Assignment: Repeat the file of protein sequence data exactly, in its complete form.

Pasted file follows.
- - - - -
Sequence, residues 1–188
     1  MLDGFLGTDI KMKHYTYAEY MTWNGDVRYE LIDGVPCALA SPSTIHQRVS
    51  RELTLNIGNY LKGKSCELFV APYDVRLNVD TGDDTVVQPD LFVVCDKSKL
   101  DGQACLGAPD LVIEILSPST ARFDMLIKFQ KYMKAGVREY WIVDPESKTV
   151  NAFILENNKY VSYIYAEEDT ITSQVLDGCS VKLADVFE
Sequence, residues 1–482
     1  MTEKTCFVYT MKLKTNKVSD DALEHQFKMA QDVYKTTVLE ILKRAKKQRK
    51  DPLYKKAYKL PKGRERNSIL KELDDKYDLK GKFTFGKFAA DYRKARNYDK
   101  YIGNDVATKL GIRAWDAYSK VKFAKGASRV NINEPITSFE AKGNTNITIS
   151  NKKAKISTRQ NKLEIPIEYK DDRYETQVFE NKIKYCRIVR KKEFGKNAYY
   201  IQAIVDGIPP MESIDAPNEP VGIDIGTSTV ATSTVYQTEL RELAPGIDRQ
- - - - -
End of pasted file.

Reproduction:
Sequence, residues 1–188
     1  MLDGFLGTDI KMKHYTYAEY MTWNGDVRYE LIDGVPCALA SPSTIHQRVS
    51  RELTLNIGNY LKGKSCELFV APYDVRLNVD TGDDTVVQPD LFVVCDKSKL
   101  DGQACLGAPD LVIEILSPST ARFDMLIKFQ KYMKAGVREY WIVDPESKTV
   151  NAFILENNKY VSYIYAEEDT ITSQVLDGCS VKLADVFE
Sequence, residues 1–482
     1  MTEKTCFVYT MKLKTNKVSD DALEHQFKMA QDVYKTTVLE ILKRAKKQRK
    51  DPLYKKAYKL PKGRERNSIL KELDDKYDLK GKFTFGKFAA DYRKARNYDK
   101  YIGNDVATKL GIRAWDAYSK VKFAKGASRV NINEPITSFE AKGNTNITIS
   151  NKKAKISTRQ NKLEIPIEYK DDRYETQVFE NKIKYCRIVR KKEFGKNAYY
   201  IQAIVDGIPP MESIDAPNEP VGIDIGTSTV ATSTVYQTEL RELAPGIDRQ